If you’re a BusinessWeek staffer, you’re on tenterhooks right now as you wait to see whether you’ll still have a job after new owners Bloomberg take over.
But, as Peter Kafka reports, it could have been much, much worse.
flickr: Jean-Marc /Jo BeLo/Jhon-John
If rival bidder ZelnickMedia had taken control of the mag (which it thought McGraw-Hill would pay it to do), the magazine would have been gutted, which we knew. What nobody knew was the extent of the damage.
ZelnickMedia planned to:
- Wind down BusinessWeek’s print business “as profitably as possible”â€“the company would have to honor existing subscriptions and could still sell ads in the magazine. But the focus would be on building up BusinessWeek’s Web site, which has a decent-sized footprint, though not a huge one.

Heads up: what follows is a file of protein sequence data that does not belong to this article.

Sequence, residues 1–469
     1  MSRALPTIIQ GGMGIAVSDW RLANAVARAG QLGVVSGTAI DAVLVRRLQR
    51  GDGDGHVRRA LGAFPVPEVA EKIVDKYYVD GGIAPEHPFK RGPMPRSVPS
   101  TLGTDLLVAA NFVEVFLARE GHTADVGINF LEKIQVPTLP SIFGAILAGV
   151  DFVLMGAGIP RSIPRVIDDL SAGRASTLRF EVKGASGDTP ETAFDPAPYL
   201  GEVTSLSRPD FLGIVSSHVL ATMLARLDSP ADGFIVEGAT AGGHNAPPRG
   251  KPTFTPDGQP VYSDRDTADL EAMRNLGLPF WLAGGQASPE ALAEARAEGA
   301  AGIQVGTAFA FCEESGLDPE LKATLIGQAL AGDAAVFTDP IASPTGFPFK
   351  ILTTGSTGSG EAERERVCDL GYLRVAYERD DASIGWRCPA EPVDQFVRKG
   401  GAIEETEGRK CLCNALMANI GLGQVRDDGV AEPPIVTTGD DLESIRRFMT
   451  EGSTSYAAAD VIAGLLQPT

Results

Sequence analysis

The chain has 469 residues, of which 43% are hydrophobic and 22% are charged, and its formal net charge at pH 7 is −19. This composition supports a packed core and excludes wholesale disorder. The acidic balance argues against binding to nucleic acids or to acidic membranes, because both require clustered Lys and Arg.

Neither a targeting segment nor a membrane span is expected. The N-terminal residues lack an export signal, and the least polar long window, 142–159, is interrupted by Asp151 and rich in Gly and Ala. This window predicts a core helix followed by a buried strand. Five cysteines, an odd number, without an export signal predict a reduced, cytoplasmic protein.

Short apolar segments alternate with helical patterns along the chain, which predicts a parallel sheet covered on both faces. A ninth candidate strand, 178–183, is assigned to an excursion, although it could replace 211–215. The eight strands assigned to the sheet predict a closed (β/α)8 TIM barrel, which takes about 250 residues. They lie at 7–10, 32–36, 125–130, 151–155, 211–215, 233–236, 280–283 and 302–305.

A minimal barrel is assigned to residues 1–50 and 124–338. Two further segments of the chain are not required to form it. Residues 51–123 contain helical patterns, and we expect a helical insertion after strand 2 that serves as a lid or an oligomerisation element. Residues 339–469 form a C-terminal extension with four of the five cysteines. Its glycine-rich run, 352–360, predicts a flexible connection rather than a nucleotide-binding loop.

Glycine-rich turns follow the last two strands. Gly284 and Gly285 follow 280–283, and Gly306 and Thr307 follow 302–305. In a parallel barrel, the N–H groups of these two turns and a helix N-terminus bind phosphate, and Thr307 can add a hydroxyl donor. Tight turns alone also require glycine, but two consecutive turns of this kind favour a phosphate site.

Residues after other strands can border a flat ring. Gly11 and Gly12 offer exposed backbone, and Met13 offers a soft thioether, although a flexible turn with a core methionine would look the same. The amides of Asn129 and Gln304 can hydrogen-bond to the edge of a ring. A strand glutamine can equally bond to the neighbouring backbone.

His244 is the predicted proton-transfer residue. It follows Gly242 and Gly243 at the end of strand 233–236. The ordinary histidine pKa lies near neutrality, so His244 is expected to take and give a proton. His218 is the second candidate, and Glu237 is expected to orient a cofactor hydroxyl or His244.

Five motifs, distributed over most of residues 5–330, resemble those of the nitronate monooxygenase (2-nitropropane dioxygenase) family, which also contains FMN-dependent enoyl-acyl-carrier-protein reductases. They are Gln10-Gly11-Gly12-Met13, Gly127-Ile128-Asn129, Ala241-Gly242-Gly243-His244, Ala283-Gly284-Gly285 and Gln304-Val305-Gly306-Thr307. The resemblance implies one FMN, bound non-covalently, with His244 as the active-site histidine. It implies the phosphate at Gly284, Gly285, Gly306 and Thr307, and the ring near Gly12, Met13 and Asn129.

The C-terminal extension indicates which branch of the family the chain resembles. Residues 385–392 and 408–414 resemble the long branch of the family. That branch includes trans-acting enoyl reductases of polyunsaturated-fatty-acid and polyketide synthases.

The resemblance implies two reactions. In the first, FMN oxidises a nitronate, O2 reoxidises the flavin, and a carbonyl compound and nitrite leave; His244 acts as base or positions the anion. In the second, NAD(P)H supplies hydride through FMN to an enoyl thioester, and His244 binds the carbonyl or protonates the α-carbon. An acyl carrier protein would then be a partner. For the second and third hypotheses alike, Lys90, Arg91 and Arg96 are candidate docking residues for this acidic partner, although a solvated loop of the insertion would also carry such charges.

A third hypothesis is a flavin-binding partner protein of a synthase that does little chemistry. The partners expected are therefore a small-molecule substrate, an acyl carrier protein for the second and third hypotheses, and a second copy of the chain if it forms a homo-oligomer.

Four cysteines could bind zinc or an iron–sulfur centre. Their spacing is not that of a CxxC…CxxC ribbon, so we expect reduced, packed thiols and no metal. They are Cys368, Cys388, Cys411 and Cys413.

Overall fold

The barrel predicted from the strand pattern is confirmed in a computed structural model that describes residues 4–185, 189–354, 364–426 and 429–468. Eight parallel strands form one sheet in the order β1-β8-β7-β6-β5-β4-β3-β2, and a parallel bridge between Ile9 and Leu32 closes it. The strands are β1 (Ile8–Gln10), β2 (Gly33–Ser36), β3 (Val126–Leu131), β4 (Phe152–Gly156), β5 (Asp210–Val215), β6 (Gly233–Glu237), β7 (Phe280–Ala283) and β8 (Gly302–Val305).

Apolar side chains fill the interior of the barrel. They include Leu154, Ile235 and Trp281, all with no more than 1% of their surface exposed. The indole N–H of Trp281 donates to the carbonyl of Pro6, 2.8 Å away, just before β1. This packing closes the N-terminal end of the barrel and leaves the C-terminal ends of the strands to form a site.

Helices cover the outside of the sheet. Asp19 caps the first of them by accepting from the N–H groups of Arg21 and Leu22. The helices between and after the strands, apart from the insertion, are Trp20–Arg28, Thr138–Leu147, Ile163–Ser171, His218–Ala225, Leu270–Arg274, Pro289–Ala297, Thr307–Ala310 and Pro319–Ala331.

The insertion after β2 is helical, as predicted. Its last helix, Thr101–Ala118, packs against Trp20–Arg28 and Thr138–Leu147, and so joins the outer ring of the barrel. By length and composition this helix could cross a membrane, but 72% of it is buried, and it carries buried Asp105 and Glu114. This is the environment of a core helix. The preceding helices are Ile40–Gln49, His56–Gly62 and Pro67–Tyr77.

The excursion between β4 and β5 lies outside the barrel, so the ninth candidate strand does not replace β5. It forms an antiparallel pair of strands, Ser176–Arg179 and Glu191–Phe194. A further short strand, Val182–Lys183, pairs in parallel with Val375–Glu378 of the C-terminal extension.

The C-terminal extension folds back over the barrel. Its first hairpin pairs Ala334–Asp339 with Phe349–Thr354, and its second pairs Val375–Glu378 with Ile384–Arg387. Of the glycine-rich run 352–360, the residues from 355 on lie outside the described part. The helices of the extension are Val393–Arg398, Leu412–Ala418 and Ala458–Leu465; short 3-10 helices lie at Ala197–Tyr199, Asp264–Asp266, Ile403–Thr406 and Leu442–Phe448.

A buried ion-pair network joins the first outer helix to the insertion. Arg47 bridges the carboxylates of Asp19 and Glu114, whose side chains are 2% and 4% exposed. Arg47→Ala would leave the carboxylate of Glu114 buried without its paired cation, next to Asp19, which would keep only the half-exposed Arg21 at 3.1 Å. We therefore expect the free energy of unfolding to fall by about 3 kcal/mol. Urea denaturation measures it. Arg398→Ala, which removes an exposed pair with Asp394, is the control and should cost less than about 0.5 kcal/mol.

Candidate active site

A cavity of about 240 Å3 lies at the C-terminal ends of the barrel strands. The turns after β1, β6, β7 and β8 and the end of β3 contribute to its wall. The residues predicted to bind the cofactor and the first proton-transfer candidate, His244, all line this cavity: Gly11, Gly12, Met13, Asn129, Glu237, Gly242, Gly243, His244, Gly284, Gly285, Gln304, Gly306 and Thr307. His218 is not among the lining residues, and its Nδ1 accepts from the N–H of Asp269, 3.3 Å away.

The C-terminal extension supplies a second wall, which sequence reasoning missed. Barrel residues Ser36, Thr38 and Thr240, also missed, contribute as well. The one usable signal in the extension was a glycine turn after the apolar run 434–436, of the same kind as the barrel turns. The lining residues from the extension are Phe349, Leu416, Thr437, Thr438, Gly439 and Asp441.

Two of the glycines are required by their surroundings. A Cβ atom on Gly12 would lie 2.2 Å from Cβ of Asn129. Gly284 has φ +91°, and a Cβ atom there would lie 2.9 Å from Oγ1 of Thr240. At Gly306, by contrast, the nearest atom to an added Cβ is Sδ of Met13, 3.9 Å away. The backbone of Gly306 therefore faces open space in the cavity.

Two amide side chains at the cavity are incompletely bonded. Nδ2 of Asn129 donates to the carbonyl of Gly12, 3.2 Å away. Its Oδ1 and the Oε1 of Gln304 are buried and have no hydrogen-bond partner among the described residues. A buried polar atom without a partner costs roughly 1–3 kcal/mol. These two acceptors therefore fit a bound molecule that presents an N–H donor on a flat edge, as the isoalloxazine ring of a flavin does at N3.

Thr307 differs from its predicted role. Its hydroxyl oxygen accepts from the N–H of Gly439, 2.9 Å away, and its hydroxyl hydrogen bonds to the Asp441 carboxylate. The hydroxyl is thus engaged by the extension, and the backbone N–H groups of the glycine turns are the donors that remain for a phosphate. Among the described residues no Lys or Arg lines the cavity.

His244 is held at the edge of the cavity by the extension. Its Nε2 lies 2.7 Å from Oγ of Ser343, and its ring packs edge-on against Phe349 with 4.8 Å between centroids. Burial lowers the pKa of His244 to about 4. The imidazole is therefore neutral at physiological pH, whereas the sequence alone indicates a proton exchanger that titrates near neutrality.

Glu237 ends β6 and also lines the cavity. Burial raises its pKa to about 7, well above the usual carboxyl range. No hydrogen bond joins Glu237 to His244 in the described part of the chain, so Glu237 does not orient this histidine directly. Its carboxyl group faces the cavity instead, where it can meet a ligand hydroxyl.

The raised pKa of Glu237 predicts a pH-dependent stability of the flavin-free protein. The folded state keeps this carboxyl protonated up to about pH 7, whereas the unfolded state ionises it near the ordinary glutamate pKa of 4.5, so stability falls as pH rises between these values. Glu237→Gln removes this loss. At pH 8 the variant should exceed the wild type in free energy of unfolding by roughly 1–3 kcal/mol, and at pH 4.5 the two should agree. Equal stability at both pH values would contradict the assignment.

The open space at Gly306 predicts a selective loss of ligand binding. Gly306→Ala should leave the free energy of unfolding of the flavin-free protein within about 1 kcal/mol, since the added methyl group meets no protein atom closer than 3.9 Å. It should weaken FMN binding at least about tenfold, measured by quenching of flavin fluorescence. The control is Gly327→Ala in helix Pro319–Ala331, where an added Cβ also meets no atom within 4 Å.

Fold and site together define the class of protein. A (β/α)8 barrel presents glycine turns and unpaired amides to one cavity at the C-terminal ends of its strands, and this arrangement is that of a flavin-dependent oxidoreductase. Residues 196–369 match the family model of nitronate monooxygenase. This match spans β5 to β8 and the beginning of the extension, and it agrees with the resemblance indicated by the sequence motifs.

- Dump almost all of the company’s newsgathering staff and outsource most of that work to Thomson Reuters (TRI).
- Employ a small handful of editorial employeesâ€“perhaps 20, down from the 200-plus who are there now. Some of them would run a Huffington Post-style aggregation site that produces no original content, and some more expensive hires would produce a smattering of high-quality reporting and writing designed to burnish/sustain the BusinessWeek brand. “Just to give it uniqueness and sizzle,” my source tells me.
- Dump most of the existing business side, as well, but overhaul and bulk up the sales force.
Check out Kafka’s story of near-averted media tragedy here.